My eyes popped open sometime after midnight and I knew I was in trouble.
This was not a typical bellyache. It radiated from my gut. Whatever it was, I could feel it in my toes. I tossed about, trying helplessly to fall back asleep.
Beads of sweat rose suddenly on my forehead. A sharp chill hit me. My teeth clattered, my body shuddered.
Then things got bad.
I bolted for the bathroom.
I couldn't have known it at the time, but in those early Monday morning hours, dozens of other people across Los Angeles were suffering just like I was. By sunrise, some of us would wind up in hospital emergency rooms. We were men and women, old and young, linked only by our unfortunate decision to eat a certain meal at a certain place at a certain time.
An outbreak had begun.
Each year, food-borne bugs sicken an estimated 75 million people in the United States. In Los Angeles County, a small army of inspectors, doctors, specialized nurses and epidemiologists in the Department of Public Health watch over our 38,000 restaurants, markets and bakeries, hoping to catch problems with cleanliness and food handling before a meal gets contaminated.
When two or more people get sick from the same food -- an outbreak -- these are the experts who try to figure out where and when and how things went sideways. It happens 40 or so times a year in the county, sometimes at restaurants you would never expect.
I, of course, learned all this the hard way.
When a friend half-dragged me into Cedars-Sinai hospital about 3 a.m., I was a mess. The unrelenting bursts of diarrhea and vomiting dehydrated me to the point that I was having trouble walking and keeping my head upright.
After a half-hour wait, a nurse led me to a bed. With my frequent sprints for the bathroom, a fever that was hovering around 103.5 degrees and the knife fight going on in my gut, I was presenting the classic signs of food poisoning, but the doctor sent off vials of my blood to rule out anything more serious.
By the time I shuffled out seven hours later, I had had three liters of saline water (nearly 7 pounds) and some top-shelf antibiotics pumped into me. The doctor discharged me with a vague diagnosis of an infected intestinal tract and told me to call in a few days to see what the lab tests revealed, if anything.
But I was convinced I already knew.
The night before, three friends and I had eaten at a sushi restaurant in Venice. They were feeling fine, but I had hogged the only two pieces of shrimp on the plate. That must have been my undoing. Too tired to muster any anger in my voice, I had a friend call to yell at the restaurant's manager. I drifted off to sleep thinking the dirty place should be stripped of the "A" health-inspection report card hanging on the wall.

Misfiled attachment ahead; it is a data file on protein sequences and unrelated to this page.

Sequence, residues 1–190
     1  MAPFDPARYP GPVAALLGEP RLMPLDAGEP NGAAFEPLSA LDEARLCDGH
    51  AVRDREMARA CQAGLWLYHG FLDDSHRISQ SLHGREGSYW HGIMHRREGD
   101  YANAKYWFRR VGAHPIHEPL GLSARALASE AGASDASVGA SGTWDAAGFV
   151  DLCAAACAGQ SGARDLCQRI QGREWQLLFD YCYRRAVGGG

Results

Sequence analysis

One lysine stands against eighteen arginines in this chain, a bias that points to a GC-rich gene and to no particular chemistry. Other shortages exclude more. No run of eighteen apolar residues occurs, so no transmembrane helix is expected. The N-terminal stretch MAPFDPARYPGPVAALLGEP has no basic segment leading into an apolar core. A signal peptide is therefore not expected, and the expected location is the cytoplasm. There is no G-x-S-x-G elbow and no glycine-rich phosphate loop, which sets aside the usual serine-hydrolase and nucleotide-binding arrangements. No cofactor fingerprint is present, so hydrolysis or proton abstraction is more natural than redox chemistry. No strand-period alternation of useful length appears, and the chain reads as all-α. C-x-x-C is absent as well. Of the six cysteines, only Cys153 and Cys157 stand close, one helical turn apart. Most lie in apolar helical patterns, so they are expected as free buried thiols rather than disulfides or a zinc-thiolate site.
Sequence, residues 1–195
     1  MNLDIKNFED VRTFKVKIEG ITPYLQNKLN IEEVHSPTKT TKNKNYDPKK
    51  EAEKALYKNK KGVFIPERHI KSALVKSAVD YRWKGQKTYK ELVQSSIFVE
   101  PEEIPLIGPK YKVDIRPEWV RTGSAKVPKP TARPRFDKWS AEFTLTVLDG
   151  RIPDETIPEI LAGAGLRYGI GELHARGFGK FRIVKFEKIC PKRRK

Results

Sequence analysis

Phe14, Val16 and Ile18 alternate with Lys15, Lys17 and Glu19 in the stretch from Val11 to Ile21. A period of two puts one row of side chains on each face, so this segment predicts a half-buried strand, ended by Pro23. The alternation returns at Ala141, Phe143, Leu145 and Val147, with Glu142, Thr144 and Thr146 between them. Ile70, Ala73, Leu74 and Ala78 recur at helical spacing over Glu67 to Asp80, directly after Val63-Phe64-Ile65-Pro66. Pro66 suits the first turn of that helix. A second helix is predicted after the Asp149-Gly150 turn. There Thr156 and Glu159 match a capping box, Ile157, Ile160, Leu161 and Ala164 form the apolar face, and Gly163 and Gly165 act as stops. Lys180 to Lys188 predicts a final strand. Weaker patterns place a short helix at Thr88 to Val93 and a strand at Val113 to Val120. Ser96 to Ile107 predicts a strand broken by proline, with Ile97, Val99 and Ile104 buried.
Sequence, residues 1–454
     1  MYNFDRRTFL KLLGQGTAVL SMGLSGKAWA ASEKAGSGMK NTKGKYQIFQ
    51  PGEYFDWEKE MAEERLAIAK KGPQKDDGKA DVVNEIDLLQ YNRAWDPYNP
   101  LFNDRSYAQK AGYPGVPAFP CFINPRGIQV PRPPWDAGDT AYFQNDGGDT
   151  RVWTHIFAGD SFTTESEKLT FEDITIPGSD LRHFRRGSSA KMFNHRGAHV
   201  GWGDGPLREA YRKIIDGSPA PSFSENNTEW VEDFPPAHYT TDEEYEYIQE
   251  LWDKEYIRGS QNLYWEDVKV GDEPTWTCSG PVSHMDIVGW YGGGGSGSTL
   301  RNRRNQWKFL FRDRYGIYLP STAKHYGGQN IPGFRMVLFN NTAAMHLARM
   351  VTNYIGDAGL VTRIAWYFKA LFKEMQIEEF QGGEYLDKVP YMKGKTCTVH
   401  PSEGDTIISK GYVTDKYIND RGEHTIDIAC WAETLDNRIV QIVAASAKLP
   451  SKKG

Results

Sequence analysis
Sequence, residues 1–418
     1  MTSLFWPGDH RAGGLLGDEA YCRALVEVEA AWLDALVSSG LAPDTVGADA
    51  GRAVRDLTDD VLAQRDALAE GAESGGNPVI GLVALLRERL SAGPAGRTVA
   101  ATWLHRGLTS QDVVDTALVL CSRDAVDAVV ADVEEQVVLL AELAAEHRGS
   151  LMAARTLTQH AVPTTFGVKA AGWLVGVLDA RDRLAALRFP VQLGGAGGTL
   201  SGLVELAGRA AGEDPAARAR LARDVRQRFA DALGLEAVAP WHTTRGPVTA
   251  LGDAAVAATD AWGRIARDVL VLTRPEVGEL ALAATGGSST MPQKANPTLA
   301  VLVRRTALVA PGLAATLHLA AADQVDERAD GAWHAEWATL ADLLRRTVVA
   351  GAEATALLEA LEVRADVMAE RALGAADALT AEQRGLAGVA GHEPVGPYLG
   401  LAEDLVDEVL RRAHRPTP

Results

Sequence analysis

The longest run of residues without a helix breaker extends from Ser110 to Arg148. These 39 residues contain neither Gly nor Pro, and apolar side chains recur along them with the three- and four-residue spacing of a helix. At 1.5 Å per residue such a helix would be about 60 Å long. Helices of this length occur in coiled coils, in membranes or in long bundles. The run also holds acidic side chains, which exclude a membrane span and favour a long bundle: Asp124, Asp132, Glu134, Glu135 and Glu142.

Two days later, about noon, my cellphone rang. A woman introduced herself as a nurse with the county health department. Cedars, she said, had reported my case. The tests had come back showing I had contracted salmonella.
This complicated my tidy theory.
In the dirty world of food-borne bacteria, salmonella looms large. First identified in the late 1800s by a veterinarian named Salmon, it commonly resides in the intestines and droppings of chickens, pigs and other animals. The bacteria can contaminate meat if the animal slaughtering process is sloppy. It can also infect chicken eggs. Food handlers at a processing plant or restaurant can also contaminate food if they are carrying the bacteria and do not wash their hands thoroughly after using the restroom.
About 1.2 million people in the United States are thought to get salmonella poisoning each year. That number would be exponentially higher if not for the fact that the bacteria are killed in cooking. All bets are off, however, if you eat a raw or undercooked dish.
Sometime between nine hours and four days after a tainted meal, the horrible symptoms begin as your body mounts its defense, trying to expel the bacteria however it can, releasing a fever-inducing onslaught of white blood cells. People in good enough health typically recover in a few days or weeks, although salmonella sometimes can be fatal in young children, the elderly or someone with a weakened immune system.
It is nearly unheard of to get salmonella from fish, so the diagnosis threw me. The sushi chef, I quickly decided, must have used the same knife to cut raw chicken and my sushi.
I offered up the filthy-knife theory to the nurse. She listened politely and took down the name of the restaurant, saying they would follow up. She was more concerned, however, about making sure I wasn't a high risk to transmit the bacterial infection to others. She seemed satisfied to hear that I didn't work around food or small children. We hung up.